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Diuris fucosa facts for kids

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Diuris fucosa
Scientific classification

Diuris fucosa is a species of orchid that is endemic to New South Wales. It between four and seven leaves and up to four pale yellow flowers with a few brown striations. It is only known from two sites in Callitris woodland in the south of the state and is classed as "extinct" in Victoria.


Diuris fucosa is a tuberous, perennial herb with a loose tussock of between four and seven narrow linear leaves 100–250 mm (4–10 in) long and 1–3.5 mm (0.04–0.1 in) wide. Up to four pale yellow flowers 30–40 mm (1–2 in) wide are borne on a flowering stem 150–300 mm (6–10 in) tall. The dorsal is egg-shaped and held close to horizontally, 11–15 mm (0.4–0.6 in) long and 7–11 mm (0.3–0.4 in) wide. The lateral sepals are green, lance-shaped with the narrower end towards the base, 15–25 mm (0.6–1 in) long, 1.5–4 mm (0.06–0.2 in) wide and turned below horizontal and usually parallel to each other. The petals spread apart from each other, elliptic to egg-shaped, 10–18 mm (0.4–0.7 in) long and 5–10 mm (0.2–0.4 in) wide on a green to brown stalk 4–7 mm (0.2–0.3 in) long. The labellum is 15–22 mm (0.6–0.9 in) long and has three lobes. The centre lobe is broadly egg-shaped, 12–17 mm (0.5–0.7 in) long and 7–14 mm (0.3–0.6 in) wide and the side lobes are oblong to wedge-shaped, 2–4 mm (0.08–0.2 in) long and 1–2 mm (0.04–0.08 in) wide with irregular edges. There are two thick, brown, pimply callus ridges near the mid-line of the labellum. Flowering occurs in August and September.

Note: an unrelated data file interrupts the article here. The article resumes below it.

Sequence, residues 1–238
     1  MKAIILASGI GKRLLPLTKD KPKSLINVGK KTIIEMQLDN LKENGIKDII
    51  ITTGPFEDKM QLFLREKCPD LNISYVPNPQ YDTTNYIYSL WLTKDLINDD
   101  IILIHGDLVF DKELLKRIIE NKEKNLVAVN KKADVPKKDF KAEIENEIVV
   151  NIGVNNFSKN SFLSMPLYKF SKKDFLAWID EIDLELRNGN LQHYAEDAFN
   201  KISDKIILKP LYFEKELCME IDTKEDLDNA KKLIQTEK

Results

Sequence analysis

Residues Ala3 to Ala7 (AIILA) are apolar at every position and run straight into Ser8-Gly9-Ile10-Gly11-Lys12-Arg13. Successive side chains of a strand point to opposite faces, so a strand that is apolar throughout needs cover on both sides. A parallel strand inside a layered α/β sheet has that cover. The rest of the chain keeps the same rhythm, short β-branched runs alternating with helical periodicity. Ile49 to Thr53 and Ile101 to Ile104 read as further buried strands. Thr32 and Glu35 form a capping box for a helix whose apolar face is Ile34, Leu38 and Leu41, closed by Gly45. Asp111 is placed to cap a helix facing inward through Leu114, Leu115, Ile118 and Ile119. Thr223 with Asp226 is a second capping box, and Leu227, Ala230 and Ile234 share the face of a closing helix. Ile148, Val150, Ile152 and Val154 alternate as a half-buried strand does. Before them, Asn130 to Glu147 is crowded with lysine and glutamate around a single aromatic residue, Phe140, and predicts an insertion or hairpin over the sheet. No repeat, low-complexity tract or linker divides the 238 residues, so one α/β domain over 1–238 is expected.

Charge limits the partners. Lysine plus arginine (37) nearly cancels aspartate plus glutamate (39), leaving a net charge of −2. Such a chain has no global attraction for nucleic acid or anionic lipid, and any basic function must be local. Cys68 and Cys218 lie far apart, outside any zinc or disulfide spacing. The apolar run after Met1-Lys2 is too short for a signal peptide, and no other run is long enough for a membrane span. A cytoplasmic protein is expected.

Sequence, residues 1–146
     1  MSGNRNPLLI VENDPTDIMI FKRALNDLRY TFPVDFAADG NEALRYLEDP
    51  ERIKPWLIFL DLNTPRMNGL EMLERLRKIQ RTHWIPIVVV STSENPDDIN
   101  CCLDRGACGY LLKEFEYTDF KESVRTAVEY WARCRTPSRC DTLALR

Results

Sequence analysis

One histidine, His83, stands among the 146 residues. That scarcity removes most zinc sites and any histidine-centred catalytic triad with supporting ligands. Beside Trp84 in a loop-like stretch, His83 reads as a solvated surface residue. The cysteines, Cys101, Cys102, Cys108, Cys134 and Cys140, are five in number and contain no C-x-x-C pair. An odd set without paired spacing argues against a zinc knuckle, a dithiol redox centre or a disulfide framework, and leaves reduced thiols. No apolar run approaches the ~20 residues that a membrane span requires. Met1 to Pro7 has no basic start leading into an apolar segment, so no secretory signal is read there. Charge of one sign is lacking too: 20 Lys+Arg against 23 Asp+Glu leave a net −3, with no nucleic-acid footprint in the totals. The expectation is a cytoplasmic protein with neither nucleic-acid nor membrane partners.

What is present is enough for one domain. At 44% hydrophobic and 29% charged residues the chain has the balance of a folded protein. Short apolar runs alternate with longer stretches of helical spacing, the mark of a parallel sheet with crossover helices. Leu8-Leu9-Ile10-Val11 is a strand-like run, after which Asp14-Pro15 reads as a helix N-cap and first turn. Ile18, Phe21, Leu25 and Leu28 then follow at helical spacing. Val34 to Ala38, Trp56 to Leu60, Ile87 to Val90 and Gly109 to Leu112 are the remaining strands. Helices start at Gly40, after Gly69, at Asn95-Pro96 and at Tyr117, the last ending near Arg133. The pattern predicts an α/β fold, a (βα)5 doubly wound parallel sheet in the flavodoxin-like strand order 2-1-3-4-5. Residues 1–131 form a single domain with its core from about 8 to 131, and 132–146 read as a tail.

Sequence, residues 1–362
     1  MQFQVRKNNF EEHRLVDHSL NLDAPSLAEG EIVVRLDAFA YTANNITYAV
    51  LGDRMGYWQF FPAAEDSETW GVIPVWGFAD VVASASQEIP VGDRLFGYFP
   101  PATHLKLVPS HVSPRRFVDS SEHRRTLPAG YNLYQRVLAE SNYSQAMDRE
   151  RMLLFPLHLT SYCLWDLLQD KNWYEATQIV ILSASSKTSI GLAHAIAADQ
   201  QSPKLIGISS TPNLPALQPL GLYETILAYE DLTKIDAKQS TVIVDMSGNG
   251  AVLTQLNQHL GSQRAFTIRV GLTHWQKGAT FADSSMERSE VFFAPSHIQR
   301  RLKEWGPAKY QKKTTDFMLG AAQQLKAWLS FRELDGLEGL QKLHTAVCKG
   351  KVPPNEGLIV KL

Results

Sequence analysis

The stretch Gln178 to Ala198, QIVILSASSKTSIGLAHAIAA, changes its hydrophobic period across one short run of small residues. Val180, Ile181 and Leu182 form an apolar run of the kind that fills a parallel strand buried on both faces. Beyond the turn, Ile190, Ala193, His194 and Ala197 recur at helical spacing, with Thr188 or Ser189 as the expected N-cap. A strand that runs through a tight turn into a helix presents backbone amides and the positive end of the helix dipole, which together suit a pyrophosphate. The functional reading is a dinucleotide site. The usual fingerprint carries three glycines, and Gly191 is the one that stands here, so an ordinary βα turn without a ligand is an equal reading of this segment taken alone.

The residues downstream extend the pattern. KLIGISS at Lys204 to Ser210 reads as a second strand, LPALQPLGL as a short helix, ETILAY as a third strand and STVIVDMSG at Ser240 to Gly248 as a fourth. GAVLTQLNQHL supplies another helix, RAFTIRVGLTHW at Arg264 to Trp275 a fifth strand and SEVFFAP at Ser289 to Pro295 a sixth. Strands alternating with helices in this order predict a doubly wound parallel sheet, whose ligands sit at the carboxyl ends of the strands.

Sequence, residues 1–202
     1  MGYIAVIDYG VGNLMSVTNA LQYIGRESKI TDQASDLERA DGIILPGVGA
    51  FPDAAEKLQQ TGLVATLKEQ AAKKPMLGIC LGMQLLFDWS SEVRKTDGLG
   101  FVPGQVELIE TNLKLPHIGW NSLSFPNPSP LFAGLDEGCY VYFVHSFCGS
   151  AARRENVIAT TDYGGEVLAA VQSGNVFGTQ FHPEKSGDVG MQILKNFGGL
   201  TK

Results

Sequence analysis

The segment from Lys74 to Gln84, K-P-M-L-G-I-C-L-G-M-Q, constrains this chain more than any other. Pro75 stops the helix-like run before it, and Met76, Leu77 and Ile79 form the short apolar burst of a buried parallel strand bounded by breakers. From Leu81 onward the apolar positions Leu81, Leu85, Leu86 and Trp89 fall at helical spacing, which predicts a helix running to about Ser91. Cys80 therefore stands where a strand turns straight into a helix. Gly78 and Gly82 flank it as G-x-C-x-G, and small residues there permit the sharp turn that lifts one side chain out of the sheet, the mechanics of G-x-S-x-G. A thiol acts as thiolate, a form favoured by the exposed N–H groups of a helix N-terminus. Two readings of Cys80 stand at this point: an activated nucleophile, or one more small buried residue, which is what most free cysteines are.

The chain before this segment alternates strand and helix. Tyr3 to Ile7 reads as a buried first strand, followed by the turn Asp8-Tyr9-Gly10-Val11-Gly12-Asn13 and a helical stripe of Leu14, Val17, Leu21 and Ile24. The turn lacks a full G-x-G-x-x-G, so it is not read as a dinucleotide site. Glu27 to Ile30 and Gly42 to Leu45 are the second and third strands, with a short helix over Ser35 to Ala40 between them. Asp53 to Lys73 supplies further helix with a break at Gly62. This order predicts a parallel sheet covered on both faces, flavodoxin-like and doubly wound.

Taxonomy and naming

Diuris fucosa was first formally described in 2006 by David Jones from a specimen collected near Urana and the description was published in Australian Orchid Research. The specific epithet (fucosa) is a Latin word meaning "painted", "simulated" or "counterfeit", referring to the tan-brown markings on the labellum of this orchid.

Distribution and habitat

This orchid grows in Callitris woodland in two locations between Urana and Narrandera, one in a state forest and the other on private property. There are two old collections from Victoria but the species is now classed as "extinct" in that state.

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